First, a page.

Successive Approximation. Many of the skills required of a sailor are repetitive. As you do and redo these skills you become more proficient at them. This is why as human beings, training is so important. When was the last time you practiced your MOB procedures or spent a couple of hours docking under different conditions? You can practice actively doing Successive Approximation long before you are a skipper!
Normal and Non-Normal procedures, Publications and Documentation. In the May 2021 edition of Ocean Sailor I showed you how to create a Green Normal checklist covering the normal preparation and operation of your vessel and a RED non-normal checklist. By knowing the contents of these checklists, equipment operation manuals and regional port requirements for example, you will be guided towards making the right decisions and make fewer mistakes. You don’t have to know the document by heart, just know where the information lies so you can easily reference it.
Time Out. If faced with a challenging situation I always say, ‘sit back, make a cup of tea and think about it.’ Take time to pause, and then think the situation through. Making ‘off the cuff’ decisions when pressed for time is a sure way to introduce errors. Stay calm, if you start to panic or look worried this will surely spook your crew.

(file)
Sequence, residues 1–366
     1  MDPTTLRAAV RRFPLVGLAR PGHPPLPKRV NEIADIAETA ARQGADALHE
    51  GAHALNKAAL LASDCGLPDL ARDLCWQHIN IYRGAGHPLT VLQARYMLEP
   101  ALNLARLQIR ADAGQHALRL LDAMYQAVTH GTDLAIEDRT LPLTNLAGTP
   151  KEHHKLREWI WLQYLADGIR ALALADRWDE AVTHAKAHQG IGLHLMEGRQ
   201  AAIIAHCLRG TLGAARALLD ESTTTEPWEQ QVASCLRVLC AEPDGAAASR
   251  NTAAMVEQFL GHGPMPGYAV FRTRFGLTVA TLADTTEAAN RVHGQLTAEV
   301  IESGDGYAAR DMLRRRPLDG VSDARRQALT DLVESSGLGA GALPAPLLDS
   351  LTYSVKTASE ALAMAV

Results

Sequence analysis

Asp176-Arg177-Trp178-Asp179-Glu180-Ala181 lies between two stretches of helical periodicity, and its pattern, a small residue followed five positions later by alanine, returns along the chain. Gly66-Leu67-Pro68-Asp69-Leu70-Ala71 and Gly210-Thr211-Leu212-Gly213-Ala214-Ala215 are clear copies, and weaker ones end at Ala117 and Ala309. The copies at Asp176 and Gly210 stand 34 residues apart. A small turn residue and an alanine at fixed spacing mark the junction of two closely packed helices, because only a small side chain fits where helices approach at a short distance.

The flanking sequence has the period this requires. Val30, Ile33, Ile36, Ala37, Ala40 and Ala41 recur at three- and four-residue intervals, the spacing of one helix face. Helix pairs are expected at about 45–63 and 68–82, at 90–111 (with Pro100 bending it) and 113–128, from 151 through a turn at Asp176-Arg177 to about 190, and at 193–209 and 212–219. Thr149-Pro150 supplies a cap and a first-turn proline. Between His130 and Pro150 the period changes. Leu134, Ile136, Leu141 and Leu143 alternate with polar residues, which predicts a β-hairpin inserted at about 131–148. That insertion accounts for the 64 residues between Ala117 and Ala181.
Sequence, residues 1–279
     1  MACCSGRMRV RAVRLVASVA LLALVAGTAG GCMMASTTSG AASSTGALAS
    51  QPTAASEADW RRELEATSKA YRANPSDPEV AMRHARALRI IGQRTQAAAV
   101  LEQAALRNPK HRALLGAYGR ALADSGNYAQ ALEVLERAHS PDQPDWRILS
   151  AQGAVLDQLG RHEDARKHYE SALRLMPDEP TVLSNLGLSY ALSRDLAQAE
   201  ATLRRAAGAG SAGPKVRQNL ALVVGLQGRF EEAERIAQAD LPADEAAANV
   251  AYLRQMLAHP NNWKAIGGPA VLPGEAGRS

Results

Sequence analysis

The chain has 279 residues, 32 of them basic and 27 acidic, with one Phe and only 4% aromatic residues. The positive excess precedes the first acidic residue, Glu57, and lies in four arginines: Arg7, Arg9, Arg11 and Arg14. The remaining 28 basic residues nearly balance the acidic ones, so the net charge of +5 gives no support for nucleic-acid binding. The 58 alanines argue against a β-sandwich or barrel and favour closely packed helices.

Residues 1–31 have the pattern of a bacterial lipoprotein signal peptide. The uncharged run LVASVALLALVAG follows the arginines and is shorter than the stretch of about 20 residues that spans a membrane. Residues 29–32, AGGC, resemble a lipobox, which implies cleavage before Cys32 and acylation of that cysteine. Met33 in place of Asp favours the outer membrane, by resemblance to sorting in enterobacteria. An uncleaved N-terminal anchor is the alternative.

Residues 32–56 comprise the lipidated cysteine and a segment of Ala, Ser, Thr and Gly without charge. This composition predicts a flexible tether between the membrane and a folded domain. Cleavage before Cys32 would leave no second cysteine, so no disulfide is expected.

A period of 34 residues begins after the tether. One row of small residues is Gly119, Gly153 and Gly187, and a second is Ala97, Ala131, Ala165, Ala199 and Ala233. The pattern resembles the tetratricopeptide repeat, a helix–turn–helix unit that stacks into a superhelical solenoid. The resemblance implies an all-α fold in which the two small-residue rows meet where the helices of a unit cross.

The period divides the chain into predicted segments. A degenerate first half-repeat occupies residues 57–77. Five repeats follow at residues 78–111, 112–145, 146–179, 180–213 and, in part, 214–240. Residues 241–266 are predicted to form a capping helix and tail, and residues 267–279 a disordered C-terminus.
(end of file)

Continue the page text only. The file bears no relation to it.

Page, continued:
Other People. Utilise your crew and the expertise of other people around you.
Command is not a solo enterprise; you are the leader of a team.
Other people may recognise the problem or have seen it before you, especially if you’ve been off watch. They may have developed a solution but want your agreement to carry it through, or need your assistance in doing. It’s not a failure of command to ask for the crew’s help. When you make a mistake, take ownership of it. As a skipper, if the crew makes a mistake, it is your responsibility and ultimately your mistake. Resolve it, learn from it and then move on. The mistake happened in the past; make sure you continue to operate in the present to produce satisfactory outcomes in the future.
Recovery from the Unplanned